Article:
Ontario expects rates to drop for green power
By Susan Taylor
OTTAWA (Reuters) - The Canadian province of Ontario is expected to reduce the rich rates it pays for green energy next year, but the government will introduce changes in a way that continues to support investment in clean power sources, the minister of energy told Reuters on Wednesday.
"I think most in the industry would expect that the rates will likely go down, but we're confident we'll do that in a way that maintains confidence in the investment climate in Ontario," Brad Duguid said in an interview.
Canada's most populous province launched an incentive program for renewable energy producers last year, aiming to create jobs and eliminate coal-fired power generators.
On Tuesday it expanded on its green energy program by outlining a 20-year plan that will emphasize nuclear power, renewable energy, and conservation, but will also see a doubling of electricity rates over that period.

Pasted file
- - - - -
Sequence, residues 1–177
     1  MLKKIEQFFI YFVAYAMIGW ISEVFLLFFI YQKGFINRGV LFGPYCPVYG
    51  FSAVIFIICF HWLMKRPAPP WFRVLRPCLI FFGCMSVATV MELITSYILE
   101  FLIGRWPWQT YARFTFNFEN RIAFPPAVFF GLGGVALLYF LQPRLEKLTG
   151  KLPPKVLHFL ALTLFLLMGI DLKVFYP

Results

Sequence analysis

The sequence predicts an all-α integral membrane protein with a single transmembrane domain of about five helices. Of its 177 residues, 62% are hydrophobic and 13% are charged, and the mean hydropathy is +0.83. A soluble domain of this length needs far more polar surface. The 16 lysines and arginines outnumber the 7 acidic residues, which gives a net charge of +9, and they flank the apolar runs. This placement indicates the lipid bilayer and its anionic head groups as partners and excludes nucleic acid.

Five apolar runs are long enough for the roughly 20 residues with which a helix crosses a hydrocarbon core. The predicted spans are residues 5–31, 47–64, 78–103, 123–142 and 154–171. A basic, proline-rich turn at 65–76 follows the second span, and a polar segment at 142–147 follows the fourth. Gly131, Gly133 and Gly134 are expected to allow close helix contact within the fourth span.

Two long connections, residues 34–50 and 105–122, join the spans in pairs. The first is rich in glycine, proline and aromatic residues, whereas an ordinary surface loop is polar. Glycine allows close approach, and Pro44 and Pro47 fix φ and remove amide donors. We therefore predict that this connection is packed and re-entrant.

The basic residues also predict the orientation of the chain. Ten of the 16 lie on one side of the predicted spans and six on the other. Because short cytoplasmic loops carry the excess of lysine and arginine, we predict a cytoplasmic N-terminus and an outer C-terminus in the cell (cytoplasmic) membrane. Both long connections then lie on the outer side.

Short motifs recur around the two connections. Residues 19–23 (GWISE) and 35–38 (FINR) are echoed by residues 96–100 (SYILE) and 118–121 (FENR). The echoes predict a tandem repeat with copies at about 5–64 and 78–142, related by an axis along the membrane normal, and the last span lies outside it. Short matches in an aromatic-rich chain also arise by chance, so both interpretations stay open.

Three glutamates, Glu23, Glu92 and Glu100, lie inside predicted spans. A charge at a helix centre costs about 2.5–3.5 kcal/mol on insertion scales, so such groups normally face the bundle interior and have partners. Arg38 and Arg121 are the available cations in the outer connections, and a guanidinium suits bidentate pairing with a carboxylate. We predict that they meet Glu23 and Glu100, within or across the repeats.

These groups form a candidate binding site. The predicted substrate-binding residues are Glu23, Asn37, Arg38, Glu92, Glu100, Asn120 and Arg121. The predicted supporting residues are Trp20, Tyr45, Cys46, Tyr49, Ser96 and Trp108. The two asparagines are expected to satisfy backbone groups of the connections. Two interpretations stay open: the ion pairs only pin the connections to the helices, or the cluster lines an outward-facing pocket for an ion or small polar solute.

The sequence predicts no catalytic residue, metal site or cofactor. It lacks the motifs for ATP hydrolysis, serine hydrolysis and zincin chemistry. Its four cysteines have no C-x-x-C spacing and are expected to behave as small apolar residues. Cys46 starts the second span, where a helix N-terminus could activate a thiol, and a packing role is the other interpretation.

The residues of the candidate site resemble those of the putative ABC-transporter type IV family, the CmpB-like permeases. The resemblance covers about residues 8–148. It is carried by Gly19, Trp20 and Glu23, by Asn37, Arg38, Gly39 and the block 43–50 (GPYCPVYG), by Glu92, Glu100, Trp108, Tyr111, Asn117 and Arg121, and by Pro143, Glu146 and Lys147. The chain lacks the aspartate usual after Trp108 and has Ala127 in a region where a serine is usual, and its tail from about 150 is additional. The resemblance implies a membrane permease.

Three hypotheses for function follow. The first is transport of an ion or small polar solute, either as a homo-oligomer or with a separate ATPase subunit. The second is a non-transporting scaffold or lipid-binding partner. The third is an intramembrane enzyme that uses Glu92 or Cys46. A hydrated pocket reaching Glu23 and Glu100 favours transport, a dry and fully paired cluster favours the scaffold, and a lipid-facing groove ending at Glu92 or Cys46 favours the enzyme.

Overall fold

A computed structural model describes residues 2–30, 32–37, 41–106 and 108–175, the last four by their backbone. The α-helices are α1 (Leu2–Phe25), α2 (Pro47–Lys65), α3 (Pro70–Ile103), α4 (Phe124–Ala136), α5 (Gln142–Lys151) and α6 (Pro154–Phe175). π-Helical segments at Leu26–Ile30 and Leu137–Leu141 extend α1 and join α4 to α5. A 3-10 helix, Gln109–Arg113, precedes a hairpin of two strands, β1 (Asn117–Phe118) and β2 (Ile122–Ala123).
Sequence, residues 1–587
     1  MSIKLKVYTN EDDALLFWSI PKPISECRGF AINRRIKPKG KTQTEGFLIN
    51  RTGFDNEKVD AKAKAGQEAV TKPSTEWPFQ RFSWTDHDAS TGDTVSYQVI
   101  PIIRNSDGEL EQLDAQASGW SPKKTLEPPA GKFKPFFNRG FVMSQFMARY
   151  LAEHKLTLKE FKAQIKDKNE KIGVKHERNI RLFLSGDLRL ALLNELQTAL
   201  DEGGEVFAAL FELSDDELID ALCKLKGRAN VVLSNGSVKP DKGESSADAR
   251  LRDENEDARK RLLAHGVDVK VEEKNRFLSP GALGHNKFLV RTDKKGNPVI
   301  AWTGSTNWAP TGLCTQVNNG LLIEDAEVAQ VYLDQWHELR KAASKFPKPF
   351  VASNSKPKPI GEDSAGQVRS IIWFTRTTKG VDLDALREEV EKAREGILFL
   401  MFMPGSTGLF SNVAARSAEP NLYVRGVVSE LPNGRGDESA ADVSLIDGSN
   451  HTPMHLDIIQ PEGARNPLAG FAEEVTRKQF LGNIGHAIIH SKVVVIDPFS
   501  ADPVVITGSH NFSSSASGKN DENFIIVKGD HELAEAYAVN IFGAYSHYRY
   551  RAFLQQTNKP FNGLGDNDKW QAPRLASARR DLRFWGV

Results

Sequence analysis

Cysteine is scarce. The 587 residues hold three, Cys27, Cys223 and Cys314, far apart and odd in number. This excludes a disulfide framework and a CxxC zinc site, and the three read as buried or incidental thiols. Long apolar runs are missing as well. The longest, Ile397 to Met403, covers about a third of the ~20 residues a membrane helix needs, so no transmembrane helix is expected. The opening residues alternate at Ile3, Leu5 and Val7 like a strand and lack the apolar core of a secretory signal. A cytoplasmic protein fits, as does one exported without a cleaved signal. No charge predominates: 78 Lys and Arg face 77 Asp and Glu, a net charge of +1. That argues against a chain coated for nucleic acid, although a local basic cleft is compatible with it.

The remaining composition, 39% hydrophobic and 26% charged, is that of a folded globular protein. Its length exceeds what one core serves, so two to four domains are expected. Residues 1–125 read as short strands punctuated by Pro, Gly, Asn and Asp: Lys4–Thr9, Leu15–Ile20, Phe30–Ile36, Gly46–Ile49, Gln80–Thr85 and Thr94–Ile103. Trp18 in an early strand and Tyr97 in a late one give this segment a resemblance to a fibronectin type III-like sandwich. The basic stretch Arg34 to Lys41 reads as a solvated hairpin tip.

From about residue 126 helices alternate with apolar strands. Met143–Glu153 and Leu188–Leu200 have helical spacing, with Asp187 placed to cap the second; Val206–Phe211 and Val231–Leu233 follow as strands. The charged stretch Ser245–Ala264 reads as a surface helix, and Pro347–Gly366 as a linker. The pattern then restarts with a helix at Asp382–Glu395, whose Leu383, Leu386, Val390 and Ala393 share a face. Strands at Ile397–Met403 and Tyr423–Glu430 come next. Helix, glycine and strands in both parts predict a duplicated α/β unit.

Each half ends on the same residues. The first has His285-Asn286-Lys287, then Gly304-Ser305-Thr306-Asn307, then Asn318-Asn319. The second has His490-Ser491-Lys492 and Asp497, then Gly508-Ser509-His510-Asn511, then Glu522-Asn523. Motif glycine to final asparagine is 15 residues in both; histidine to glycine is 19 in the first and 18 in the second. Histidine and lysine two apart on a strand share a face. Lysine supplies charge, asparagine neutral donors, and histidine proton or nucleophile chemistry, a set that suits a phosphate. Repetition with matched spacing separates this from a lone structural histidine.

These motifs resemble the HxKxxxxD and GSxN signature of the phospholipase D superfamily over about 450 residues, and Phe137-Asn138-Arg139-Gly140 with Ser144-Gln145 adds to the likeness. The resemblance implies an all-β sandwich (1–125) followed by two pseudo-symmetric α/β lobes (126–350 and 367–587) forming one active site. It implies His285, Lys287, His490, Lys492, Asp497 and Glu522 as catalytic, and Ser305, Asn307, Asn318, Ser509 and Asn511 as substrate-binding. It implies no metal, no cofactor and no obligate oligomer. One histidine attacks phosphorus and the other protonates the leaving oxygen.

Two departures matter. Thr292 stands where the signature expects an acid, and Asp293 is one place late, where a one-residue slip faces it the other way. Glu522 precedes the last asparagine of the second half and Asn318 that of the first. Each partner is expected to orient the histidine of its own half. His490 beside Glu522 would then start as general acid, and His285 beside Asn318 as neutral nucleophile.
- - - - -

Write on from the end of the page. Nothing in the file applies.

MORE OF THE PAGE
Feed-in tariffs introduced in October 2009 offer above-market prices to producers of energy from renewable sources like the sun and wind. They are the richest and most comprehensive in North America and follow similar programs in Europe.
It is expected that any rate changes would be discussed and made in consultation with an industry group, similar to a group formed this summer when the province said it wanted to cut the rate for small ground-mounted solar projects, Duguid's spokesman said.
Tariff rates are reviewed every two years by the province, a process that starts in 2011 and will conclude by the autumn, Duguid said.
Japan complained to the World Trade Organization in September that Ontario's Green Energy Act and its local procurement requirements represent a "prohibited subsidy." Continued...